frivolity, we get the somber ‘Scars’, showing that in all personnel
relationships we have to get through the troughs as well as the peaks.
Hunter’s singing of his own lyrics has never been more poignant.
Of course as soon as this little ode finishes, boys
will always immediately revert to being boys and we get the first
non-Hunter song in the fabulous romp through Darrell Bath’s ‘Never
Trust a Blonde’ with delightful sexy lyrics (not sexist, could be a
bloke dying his barnet), a booming drum beat, raucous backing vocals,
tinkling piano, screaming guitar solos, and a knowing wink to life on the
To show this really was meant as a band effort, we then
get a jaunt through Honest Plain John’s ‘Psycho Girl’ with it’s
jangly guitar refrain and hypnotic chorus.
The centrepiece of the album is a rolling take on what
could be the follow up to Mott the Hoople’s final single ‘Saturday
Gigs’, which was a look back at the six years of the life of a band,
their achievements and failures. ‘My Revolution’ looks back at the
proceeding twenty years, how things have not really changed that much
apart from the slow aging process we all go through, and how we all think
we have become smarter. But that I leave for you to decide.
‘My Revolution’ does have the knowing lyrics “No
one told our wrinkles what to wear”. The song is brought to a rousing
conclusion very much in “All you need is Love” Beatles style with Ian
Hunter adlibbing lyrics over the top of the fading chorus. ‘Good
Girls’, another Honest Plain John song, could be “The Kinks” from
their sixties heyday.
‘Red Letter Day’ is a great Hunter song that he had
held onto for years without ever getting a decent occasion to get it down
on tape. Well, this seemed the perfect time and was a beautiful ballad
about returning home to your loved ones after time spent apart whilst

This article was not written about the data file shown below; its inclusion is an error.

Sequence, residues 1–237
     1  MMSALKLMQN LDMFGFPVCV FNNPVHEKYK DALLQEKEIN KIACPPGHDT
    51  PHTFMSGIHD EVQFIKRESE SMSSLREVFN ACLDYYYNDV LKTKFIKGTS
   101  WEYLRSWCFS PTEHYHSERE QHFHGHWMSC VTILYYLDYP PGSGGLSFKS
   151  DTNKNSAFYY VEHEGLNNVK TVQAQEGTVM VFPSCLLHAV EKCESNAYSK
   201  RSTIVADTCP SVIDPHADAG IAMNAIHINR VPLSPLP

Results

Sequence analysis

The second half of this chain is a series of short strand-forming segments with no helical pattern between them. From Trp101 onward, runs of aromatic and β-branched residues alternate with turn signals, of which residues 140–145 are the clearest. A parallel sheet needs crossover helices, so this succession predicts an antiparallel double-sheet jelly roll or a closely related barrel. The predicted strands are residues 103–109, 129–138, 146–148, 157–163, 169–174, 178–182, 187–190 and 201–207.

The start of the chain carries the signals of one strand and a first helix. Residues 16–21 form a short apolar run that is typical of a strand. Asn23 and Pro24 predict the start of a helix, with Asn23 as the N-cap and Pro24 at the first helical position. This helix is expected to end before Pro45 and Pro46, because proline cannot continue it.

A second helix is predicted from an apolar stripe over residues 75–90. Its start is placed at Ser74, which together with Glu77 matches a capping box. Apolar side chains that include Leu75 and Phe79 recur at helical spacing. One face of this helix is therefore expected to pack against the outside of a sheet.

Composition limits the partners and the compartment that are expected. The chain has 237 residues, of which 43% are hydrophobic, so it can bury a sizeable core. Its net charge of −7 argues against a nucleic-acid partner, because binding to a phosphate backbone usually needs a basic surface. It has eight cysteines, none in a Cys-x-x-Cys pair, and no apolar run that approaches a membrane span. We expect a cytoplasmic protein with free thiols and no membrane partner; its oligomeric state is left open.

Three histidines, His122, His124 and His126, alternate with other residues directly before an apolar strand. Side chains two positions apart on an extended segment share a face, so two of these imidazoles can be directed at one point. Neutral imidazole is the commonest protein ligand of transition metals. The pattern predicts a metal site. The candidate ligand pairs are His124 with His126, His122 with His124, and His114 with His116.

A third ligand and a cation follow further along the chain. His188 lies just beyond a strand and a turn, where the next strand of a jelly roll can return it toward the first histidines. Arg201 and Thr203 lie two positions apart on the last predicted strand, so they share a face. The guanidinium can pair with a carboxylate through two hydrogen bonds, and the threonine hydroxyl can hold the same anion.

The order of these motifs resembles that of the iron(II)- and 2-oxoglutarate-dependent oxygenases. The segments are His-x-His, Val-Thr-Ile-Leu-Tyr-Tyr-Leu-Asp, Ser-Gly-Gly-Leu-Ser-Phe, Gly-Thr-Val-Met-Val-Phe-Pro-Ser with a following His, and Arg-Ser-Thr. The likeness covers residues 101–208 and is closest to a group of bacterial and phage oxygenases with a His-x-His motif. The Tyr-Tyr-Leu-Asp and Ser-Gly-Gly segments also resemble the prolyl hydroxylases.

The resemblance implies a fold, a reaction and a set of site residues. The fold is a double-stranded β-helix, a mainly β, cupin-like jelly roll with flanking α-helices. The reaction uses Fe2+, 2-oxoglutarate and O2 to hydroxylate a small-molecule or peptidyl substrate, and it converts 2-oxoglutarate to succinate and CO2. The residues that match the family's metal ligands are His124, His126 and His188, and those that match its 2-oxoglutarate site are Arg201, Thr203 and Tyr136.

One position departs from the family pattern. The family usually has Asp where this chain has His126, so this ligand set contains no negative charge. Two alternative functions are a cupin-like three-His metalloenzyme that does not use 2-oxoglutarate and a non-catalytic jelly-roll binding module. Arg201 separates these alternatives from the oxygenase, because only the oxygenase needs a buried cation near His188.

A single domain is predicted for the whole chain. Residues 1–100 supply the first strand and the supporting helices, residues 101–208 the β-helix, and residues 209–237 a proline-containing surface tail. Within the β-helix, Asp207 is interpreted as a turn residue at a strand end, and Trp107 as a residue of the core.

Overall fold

going through rough times, and the determination to try and make up for
lost time. It also includes a stunning emotional guitar solo from Darrell
The band then romp through three road songs that most
people would die for to have in their repertoire, each single one would
get people leaping about on the dance floor at a college hop.
Hidden away as last song on this collection is one of
Ian Hunter’s most honest soul bearing laments, ‘The Other Man’, a
song about taking your partner back after an affair with your best friend
and how someone may take the partner back and never forget, but possibly
forgive. But not the Other Man, who should have known better than to mess
with your lady. ‘The Other Man’ has to be one of the best songs that
Ian Hunter ever recorded. It is a shame that it did not get much exposure
on its release, as it sure would of tugged on a few heartstrings and
perhaps twanged a few guilt strings in other directions.
“Ian Hunter’s Dirty Laundry” suffered from very
little fanfare when it came out (although great critical acclaim including
one British journalist, who wrote “In a perfect world we would hear more
from pros like Hunter and less from too many younger lesser talents with
too little to say”), and was very badly distributed by record company
NorskPlatproduksjon. They probably never had such a high quality product
on their roster before, and only let the rights go begrudgingly to
different countries over the next two years. It has only been available on
general release for the last couple of years. But if you are a lover of
good, old fashion, honest, basic Rock ‘n’ Roll, “Ian Hunter’s
Dirty Laundry” is something you should pick up and take home.
Dancing on the Moon, Another Fine Mess, Scars, Never Trust A Blonde,
Psycho Girl, My Revolution, Good Girls, Red Letter Day, Invisible Strings,
Everybody’s A fool, Junkee Love, The Other Man